Fix Your Knees, Get Bigger & Stronger

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It’s kind of hard to achieve the holy grail of brohood – i.e., bigger, faster, and stronger (and tanned) – if you’re constantly banged up and/or hurt.

Our knees take a beating as it is, but if you’re a meathead this statement is exponentially true.

But even if someone says “my knees hurt!”……what does that even mean? Knee pain, or how smarty pants people refer to it – anterior knee or patellofemoral pain – is a very subjective term and doesn’t help explain the mechanism or cause of the pain in the first place. Hell, many scientist can’t even explain or agree what the term pain means or where it manifests from!

I guess to be more precise I should allude to the actual diagnoses of patellofermoral pain. There are many and it’s hard to pinpoint one major culprit over the other. We have patellar compression syndrome, patellar instability, general biomechanical syndrome, direct patellar trauma, soft tissue lesions, and overuse syndromes to name a few.

Too, we can’t deny that many people just move like complete shit. And while squatting is often poo-pooed or pointed to as Public Enemy #1 with regards to eating up someone’s knees, quite frankly (and more often than not) their squat pattern is atrocious. Sometimes all it takes a one minor tweak to their technique which can make all the difference in the world.

And then there’s other stuff like how to coach someone to perform a more “knee friendly” lunge, addressing weak hips, addressing alignment, mobility deficits, and engraining in people that you can always, ALWAYS train around an injury.

In my latest article on I discuss all of the above and then some.

Continue Reading……

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Plus, get a copy of Tony’s Pick Things Up, a quick-tip guide to everything deadlift-related. See his butt? Yeah. It’s good. You should probably listen to him if you have any hope of getting a butt that good.

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Comments for This Entry

  • Andrew Cammarano

    Excellent article on T-Nation Tony. I completely agree, the knee is rarely the culprit, but often the victim of other issues like poor movement patterns or mobility. Another thing to be aware of his anthropometry of an individual and how factors like a large Q-angle can predispose them to knee issues. This is not to say they are forced to live a lift of unavoidable pain, but rather, increase pro-active and preventative work needs to be completed to ensure pain-free and optimal movement. -Andrew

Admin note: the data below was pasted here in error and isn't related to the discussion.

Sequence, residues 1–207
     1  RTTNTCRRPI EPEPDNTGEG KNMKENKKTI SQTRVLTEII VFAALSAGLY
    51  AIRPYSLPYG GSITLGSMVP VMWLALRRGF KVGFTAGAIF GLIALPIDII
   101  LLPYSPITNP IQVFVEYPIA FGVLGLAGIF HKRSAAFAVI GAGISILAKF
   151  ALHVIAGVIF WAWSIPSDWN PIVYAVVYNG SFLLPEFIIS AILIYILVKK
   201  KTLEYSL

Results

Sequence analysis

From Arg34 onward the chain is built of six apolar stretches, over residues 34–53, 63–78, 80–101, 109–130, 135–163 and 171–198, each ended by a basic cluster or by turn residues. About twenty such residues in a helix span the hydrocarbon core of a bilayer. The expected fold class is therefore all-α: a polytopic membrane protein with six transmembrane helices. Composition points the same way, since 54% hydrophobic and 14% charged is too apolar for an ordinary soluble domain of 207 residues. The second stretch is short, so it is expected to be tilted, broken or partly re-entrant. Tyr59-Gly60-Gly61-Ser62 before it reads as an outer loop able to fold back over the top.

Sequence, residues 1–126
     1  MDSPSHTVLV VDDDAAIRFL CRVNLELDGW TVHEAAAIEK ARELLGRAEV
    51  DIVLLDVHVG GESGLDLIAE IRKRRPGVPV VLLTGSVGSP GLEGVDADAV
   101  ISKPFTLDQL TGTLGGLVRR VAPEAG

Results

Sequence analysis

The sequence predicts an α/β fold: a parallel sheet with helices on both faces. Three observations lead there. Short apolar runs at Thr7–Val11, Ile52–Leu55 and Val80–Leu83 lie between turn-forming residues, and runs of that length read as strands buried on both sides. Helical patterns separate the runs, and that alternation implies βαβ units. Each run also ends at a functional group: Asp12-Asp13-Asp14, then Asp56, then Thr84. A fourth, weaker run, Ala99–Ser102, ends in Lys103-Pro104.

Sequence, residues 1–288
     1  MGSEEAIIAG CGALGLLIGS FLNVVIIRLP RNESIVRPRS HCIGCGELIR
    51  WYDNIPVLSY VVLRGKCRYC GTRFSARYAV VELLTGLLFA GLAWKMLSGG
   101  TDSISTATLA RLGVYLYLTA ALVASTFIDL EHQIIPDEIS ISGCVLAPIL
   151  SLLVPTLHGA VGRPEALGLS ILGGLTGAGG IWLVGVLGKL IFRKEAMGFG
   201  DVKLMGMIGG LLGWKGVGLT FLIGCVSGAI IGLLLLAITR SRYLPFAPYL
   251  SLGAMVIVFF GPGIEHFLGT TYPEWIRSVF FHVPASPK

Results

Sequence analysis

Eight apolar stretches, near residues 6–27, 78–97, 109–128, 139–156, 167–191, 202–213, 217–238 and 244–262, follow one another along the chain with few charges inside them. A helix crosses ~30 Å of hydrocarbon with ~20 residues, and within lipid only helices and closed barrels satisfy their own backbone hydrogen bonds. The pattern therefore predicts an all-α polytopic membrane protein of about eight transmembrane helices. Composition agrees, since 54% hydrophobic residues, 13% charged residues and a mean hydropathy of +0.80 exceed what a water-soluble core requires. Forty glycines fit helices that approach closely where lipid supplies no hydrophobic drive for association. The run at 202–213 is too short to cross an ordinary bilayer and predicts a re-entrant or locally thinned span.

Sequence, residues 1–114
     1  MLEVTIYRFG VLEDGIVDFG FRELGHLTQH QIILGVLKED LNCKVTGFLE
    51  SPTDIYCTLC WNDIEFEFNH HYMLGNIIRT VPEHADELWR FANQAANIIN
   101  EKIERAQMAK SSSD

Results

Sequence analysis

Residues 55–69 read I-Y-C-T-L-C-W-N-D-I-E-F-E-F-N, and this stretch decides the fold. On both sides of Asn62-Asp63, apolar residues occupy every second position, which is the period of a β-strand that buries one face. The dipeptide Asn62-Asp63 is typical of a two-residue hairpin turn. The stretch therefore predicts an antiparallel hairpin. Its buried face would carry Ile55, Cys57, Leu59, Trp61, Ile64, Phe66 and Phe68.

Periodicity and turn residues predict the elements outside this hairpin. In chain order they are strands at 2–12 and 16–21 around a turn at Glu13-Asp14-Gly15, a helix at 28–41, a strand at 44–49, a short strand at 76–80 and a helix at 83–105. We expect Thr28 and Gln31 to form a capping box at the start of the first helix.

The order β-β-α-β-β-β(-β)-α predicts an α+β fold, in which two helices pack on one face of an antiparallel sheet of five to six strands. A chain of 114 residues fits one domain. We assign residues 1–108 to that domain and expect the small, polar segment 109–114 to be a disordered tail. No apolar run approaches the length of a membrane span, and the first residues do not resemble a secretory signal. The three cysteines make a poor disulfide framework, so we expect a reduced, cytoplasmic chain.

December 30, 2014 at 8:56 pm | Reply to this comment

    • TonyGentilcore

      Yep, that is VERY true Andrew. Which is why I can't stand it when people chime in one the ONLY way to squat is ass-to-grass. Some people, based off their anatomy, will never be able to squat deep(er) without pain or causing damage down the road. What's important is finding out what an individual's own (safe) squat depth is and tweak from there.

      December 31, 2014 at 9:46 am | Reply to this comment

  • replacement

    As usual, great article. Quick follow up on torso angle during split-stance exercises... Mike Robertson advocates a vertical torso, as highlighted here: I asked him some follow up questions about this in the comments (I even put a link in to your older post about forward lean). Would love to hear your thought on the discussion. Mike claims that the more vertical torso position loads the posterior chain more than a slight forward lean. Assuming tibia angle is the same, it doesn't seem like should be true. Lastly, do you coach a slight forward lean for all clients, or just those with APT/extension issues? Thanks for your time!

    January 2, 2015 at 10:51 am | Reply to this comment

    • TonyGentilcore

      Well, I guess it just depends on if someone is in pain. I've found that if someone has knee issues, it helps to have a slightly more forward lean. It may be my own anecdotal bias, but it's what I like to use when working with athletes and clients with a history of knee pain. In the end, it just depends on which variation feels best for any one individual.

      January 2, 2015 at 5:00 pm | Reply to this comment

  • Shane Mclean

    Nice work Tony, covering the basics with some good suggestions in there. Really like the flow based warm ups.

    January 4, 2015 at 6:26 pm | Reply to this comment

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